While I was an undergraduate student in the early 1970s’ at Cornell University’s College of Architecture, Art and Planning, I audited the lectures of Colin Rowe. His comments on transparency as a layering device influenced my lifelong visual exploration of the optical mixing of opaque oil paint. This technique may be employed to create phenomenal transparency, lending the illusion of depth to a flat canvas. In many of my collages, the elements I choose have areas that will ultimately be translated as phenomenally transparent in the medium of oil paint, creating an equivalent palette from the collage source. I have been working with transparency as a layering device for many years, throughout the 70s 80s and 90s and from 2000 to present.
Below, are excerpts from the obituary by Margalit Fox, Published May 7th, 2005 ‘Robert Slutzky, 75, Painter and Architectural Theorist, Dies’ Top of Form
”In his first teaching job, at the University of Texas, Mr. Slutzky became deeply influenced by two colleagues: Hejduk and Colin Rowe, an eminent architectural theorist. With Mr. Rowe, Mr. Slutzky wrote "Transparency," which explored the idea of architectural space as a painterly entity, as complexly layered as a Cubist canvas.."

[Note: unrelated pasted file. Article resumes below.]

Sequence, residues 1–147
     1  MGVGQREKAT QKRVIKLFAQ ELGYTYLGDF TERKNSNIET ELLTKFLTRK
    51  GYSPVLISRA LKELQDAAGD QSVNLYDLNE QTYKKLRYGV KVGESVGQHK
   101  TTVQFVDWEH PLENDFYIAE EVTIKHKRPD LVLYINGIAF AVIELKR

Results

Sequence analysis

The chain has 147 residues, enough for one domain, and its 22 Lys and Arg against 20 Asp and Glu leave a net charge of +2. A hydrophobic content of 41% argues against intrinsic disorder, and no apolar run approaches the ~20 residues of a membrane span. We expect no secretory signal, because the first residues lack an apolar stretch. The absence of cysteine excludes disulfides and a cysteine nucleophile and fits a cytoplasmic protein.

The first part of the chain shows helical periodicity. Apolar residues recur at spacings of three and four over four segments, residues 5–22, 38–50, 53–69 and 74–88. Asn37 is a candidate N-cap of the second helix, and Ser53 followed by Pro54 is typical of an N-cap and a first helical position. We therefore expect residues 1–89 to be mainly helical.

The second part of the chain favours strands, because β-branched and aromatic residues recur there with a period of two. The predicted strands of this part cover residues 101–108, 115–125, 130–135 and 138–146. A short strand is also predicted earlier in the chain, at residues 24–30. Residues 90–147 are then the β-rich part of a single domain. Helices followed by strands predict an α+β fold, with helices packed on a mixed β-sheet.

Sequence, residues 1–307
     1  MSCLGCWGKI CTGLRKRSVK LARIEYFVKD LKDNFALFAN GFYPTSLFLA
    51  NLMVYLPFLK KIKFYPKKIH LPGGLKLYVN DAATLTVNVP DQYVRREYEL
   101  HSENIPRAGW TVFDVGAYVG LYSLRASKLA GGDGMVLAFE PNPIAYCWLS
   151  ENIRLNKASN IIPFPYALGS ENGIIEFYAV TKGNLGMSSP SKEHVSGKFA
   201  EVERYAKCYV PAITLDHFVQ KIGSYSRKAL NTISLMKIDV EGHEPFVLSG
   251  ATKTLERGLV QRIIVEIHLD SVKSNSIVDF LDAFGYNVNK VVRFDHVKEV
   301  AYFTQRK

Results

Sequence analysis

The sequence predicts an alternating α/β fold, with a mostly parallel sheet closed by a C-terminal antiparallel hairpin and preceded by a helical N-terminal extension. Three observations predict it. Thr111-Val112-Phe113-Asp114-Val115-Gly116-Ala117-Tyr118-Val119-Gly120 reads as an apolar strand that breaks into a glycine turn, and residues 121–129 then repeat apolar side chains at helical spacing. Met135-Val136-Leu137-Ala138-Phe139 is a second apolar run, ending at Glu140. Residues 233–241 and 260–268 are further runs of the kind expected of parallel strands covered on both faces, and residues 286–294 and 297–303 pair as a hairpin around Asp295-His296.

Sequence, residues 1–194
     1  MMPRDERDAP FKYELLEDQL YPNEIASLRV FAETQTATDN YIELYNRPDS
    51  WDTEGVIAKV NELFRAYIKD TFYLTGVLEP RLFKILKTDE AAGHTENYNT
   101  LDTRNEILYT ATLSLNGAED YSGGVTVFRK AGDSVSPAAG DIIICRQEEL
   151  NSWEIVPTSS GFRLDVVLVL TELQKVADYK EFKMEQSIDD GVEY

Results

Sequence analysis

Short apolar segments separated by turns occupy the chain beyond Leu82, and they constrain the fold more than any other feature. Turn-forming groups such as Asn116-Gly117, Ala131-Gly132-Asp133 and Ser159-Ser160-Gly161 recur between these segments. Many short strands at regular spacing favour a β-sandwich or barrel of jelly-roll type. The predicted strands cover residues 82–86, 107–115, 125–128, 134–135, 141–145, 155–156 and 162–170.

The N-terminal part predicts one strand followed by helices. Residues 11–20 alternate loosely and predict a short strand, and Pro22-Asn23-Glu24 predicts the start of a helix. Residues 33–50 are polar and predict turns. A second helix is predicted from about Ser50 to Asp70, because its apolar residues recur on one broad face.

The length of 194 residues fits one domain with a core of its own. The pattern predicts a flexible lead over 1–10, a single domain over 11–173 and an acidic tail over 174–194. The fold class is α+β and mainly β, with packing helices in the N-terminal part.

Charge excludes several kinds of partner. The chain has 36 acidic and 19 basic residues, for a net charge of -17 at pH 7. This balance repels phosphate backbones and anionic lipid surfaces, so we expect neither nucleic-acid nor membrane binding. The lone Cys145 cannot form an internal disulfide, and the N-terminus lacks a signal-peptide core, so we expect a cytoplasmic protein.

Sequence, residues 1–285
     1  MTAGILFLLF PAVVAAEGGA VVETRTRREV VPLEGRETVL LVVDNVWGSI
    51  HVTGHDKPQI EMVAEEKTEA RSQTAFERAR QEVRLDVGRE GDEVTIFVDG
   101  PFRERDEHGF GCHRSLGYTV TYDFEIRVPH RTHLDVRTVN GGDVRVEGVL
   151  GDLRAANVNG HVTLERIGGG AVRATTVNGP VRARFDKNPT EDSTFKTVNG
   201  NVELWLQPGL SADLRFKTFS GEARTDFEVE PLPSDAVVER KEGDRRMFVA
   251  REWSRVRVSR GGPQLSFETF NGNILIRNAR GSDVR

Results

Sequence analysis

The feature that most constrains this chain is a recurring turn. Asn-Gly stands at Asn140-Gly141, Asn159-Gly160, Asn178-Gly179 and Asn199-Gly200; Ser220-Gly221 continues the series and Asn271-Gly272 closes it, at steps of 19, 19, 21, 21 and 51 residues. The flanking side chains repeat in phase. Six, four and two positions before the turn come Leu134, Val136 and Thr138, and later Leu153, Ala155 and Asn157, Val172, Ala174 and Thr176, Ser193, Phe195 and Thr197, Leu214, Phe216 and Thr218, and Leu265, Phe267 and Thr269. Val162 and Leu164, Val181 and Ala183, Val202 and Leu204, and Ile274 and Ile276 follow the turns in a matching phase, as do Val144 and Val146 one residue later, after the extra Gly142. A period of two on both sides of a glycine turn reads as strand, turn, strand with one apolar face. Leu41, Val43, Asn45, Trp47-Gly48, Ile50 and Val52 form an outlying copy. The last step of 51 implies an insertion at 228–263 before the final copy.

The essays in "Transparency" center on the ambiguity of the title word. "Transparent" can denote something that is literally see-through, like a window. But it can also denote something that is not, like the layered planes of a Cubist painting, discernible one behind another. Paint and canvas are opaque; the painter conjures transparency out of pure form.
The illusion of transparency defines architecture. Painters have two dimensions at their disposal; architects have three. Transparency mediates between them. It can give the illusion of depth to a flat canvas; conversely, it can flatten a building into an abstract arrangement of geometric planes. Transparency helps the built landscape meet the eye.”